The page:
By Barry Kauler
Page updated: March 12, 2016
Pushing minimalist hiking to the extreme, I evaluated
overnight hiking with only a waist-pack:
Lots of fun! However, it is pushing the limit to add a tent,
especially a "proper" tent (dual-skin, dome), so I
investigated the next-step up, ultra-light backpacks.
If you go into any camping store, backpacks on display are
mostly 1.5kg or more. I searched the Internet for packs that
are close to 0.5kg ...yes, they do exist.
I have a particular requirement, and most of the ultra-light
backpacks will fail here. The backpack must have hip straps
and be of adequate design to carry all of the weight
on the hips, not hanging off the shoulders.
This requirement narrows the field considerably.
In the range 350gm to 700gm weight, they are all frameless
at the lower end, and some with frames at around 600 -
I intend to do comparative reviews of what I consider to be
the pick of the bunch. For now, I have only acquired one of
them, the Gossamer Gear Pilgrim 36:
This is a frameless pack, and having only used framed packs
before, both internal and external, I had doubts whether I
could pack it rigidly enough so that all the weight is
carried on the hips.
I was not encouraged by online user reports, as nearly all
photos showed the pack (and similar packs) hanging off the
shoulders. These are experienced guys, yet they are carrying
this pack primarily on the shoulders.
OK, it is a small pack, actually only holds about 28 litres
in the main compartment (about another 8 in the external
pockets), so it won't be carrying much weight. So these big
tough guys have no problem slinging this off the shoulders.
Me, on the other hand, I have a "bad back" and must carry
all, or nearly all, the weight on the hips.
I must also state that a hike is a more pleasant experience
when little or no weight is carried on the shoulders,
regardless of your physical condition.
I have another consideration: I would like to take the pack
as "carry on" luggage when flying. Qantas states that a
carry-on bag must weigh no more than 7kg and be no bigger
than 48cm long x 34cm high x 23cm deep.
Framed packs have a problem with that length, whereas
frameless packs can fit, or be squeezed to fit. ...with some
caveats, as I will explain.
Anyway, here is where I bought it, and links to reviews:
Well, it isn't really 20 inches, as I now have it and can
measure it. It is at least 48cm (18.9 inches), up to 49cm
(19.3 inches) if the top of the pack at the shoulder-strap
anchor-point is very tightly packed. Still OK for me.
The main thing is that I want the anchor-point of the
shoulder strap to be nearly level with the shoulders, not
pulling up nor pulling down. There is no tensioner.
Actual weight, including the foam back insert, is 563gm.
Packing the pack
One very nice thing about the Gossamer Gear backpacks is the
removable corrugated mat, that provides breathing space
between back and pack, and can double as a seat or
minimalist sleeping mat.
So, the pack already has some structure, but it needs
something else to hold it upright and rigid. To improve
rigidity, I decided to insert a cut-down closed-cell-foam
mat, like this:
|I purchased a
closed-cell foam mat from Kmart, in the Sports
Section, for AU$4.
Its dimensions are given on the label as 150 x 50
cm, however at home I measured the width as 51.1cm.
Thickness is 6mm.
i cut off a length, 717mm long at the top, 732mm
long at the bottom, and the offcut weighs 61gm.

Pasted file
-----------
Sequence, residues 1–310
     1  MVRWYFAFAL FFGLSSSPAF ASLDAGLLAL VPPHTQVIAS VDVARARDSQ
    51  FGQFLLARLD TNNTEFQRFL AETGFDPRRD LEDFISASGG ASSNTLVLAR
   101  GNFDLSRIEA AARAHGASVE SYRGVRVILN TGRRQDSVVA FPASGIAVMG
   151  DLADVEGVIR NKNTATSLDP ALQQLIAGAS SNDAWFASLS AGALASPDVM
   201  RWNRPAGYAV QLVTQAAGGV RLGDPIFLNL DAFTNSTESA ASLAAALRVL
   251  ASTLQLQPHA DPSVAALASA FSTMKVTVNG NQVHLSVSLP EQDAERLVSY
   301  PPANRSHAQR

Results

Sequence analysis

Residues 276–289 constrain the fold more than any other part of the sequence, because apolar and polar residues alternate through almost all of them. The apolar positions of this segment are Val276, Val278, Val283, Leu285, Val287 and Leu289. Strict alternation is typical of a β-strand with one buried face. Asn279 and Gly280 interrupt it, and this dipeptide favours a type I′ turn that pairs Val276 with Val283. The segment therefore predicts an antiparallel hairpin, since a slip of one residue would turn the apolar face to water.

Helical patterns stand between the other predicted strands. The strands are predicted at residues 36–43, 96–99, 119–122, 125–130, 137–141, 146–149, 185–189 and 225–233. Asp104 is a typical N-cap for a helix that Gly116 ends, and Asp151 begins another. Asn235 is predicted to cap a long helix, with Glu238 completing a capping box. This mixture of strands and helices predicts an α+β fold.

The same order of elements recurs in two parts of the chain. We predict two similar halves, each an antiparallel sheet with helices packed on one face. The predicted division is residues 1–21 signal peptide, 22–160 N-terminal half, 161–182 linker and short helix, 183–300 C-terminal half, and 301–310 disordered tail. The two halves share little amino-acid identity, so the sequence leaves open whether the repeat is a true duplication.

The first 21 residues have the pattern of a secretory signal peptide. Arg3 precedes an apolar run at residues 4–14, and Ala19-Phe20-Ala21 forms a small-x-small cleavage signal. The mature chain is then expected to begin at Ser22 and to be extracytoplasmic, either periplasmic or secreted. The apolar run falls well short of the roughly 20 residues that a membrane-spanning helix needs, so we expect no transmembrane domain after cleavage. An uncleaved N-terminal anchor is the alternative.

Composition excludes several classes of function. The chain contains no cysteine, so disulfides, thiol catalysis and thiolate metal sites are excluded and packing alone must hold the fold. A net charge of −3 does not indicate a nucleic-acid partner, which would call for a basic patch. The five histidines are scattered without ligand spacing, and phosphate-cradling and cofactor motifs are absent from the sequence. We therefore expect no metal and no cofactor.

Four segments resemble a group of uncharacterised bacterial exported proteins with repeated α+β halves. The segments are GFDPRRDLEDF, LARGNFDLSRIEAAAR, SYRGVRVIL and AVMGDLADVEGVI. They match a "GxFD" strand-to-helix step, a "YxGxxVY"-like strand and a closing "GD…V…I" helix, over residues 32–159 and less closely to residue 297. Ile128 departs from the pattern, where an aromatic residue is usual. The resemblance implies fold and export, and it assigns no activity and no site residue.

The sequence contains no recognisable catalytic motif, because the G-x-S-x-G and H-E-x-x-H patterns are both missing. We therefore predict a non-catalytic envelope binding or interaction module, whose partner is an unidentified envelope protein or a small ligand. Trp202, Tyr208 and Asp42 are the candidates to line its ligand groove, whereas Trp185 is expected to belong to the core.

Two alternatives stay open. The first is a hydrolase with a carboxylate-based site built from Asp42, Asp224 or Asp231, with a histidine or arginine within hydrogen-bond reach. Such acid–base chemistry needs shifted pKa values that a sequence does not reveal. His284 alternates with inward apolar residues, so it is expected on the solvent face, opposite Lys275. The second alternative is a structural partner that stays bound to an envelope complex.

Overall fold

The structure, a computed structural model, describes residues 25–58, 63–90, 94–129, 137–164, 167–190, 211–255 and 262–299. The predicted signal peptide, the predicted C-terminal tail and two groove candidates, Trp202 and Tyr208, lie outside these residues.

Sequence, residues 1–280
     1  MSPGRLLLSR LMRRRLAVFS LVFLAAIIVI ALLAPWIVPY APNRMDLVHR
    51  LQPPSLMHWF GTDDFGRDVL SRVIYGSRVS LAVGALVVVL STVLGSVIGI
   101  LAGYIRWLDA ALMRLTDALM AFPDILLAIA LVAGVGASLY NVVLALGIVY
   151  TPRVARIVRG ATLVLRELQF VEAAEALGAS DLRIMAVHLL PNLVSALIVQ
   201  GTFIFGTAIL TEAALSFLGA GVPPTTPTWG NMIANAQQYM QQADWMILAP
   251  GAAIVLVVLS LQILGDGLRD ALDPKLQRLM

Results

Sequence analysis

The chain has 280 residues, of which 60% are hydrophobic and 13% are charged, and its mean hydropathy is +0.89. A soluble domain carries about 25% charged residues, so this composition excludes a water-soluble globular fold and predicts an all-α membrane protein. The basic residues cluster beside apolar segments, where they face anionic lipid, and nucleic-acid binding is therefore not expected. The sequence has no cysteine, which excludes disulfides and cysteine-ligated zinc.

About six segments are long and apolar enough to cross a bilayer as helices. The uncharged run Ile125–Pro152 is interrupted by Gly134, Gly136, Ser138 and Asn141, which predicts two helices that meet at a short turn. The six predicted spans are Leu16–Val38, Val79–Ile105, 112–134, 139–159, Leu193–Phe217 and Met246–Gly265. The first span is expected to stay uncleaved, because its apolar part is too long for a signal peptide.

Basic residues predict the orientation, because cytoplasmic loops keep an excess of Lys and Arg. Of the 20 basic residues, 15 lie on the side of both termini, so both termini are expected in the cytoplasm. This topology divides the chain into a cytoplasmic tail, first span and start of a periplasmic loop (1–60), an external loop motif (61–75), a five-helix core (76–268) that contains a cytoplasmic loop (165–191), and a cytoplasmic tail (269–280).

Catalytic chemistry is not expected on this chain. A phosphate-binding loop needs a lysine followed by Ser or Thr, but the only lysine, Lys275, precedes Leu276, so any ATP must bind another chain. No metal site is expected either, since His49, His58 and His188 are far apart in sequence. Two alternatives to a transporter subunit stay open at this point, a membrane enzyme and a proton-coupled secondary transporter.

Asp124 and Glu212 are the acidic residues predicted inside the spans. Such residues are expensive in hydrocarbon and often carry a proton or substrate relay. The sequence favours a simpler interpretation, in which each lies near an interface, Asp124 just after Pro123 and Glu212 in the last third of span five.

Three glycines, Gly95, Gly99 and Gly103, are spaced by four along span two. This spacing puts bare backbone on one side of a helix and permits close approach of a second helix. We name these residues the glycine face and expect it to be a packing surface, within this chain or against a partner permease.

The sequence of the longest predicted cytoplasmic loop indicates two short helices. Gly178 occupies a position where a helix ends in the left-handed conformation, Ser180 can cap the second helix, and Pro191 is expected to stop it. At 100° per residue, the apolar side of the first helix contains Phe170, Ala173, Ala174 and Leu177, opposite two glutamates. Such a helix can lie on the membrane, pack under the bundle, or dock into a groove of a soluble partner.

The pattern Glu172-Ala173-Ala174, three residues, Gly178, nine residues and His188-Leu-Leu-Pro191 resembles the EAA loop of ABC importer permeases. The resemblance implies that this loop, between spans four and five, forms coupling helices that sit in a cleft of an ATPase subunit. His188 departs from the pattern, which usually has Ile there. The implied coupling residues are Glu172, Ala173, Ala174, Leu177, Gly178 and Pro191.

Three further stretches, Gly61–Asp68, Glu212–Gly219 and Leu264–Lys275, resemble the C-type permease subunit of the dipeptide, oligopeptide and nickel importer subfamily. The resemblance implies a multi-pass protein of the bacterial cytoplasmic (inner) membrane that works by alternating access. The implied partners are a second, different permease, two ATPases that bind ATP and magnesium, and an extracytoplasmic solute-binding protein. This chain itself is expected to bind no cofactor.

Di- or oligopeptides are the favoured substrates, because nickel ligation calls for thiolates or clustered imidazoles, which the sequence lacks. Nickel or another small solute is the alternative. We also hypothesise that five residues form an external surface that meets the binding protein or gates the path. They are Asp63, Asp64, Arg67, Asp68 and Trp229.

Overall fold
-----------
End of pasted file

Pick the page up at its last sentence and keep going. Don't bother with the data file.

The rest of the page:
The idea is that it will just fit inside, with no
I debated using 10mm thick mat, however, the space
inside is very small and I want to be able to,
hopefully, lay my sleeping bag flat, so as to keep
the rectangular shape of the pack interior.
I was able to, just, insert my Sea to Summit Micro II
sleeping bag flat on the bottom of the pack. I packed the
rest of the space and achieved fairly good rigidity.
However, I won't detail the exact list of items packed, nor
how, as that is variable depending on the type of excursion
-- look at the bottom of this page for links to field trips,
that do have the exact packing details.
I would like to comment on the hip belt of the Pilgrim, as I
feel that Gossamer Gear could have done a better job. Two
photos to illustrate my complaint:
The flaps on the sides of the Pilgrim are OK. Thin, but
that's OK. However, the strap is only 26mm (1 inch) wide,
which I feel is a bit too narrow, given that it has to strap
fairly tightly across the stomach.
I have included a snapshot of the Mountainsmith Daylight
waist-pack for comparison. Notice the very thin mesh flap,
that light shines through -- oh so breathable, and quite
The Pilgrim has a pocket over most of the outside of the
flap, so can't really have the same degree of breathability.
But, notice the strap width on the Daylight, it is 36mm
(1.42 inches). Oh so much better.
I will give it a go as-is, but after an overnighter will
consider whether I need to replace that strap with a wider
one. If so, I will need to find someone who can do that for
A pack with fixed height, from bottom of hip-belt to
shoulder-strap anchor point (or to tensioner, if there is
one), is only going to suit a person with closely-matched
torso length. That is, unless you are one of those tough
guys who don't mind a pack hanging off the shoulders.
Gossamer Gear make the Pilgrim in three sizes, Small, Medium
and Large. As I was given incorrect length for the Medium
size, if you enquire about the other two, politely request
that they go and actually measure it.
My only other concern is the width of the hip straps. This
is a big issue for me as I have setup this pack to carry all
of the weight on the hips. So, it has to be a comfortable
Maybe for others this might not be such an issue. The other
reviewers didn't mention it, so obviously it was not an
issue for them.
The "proof of the pudding is in the eating". So, actual
testing on the trail is required: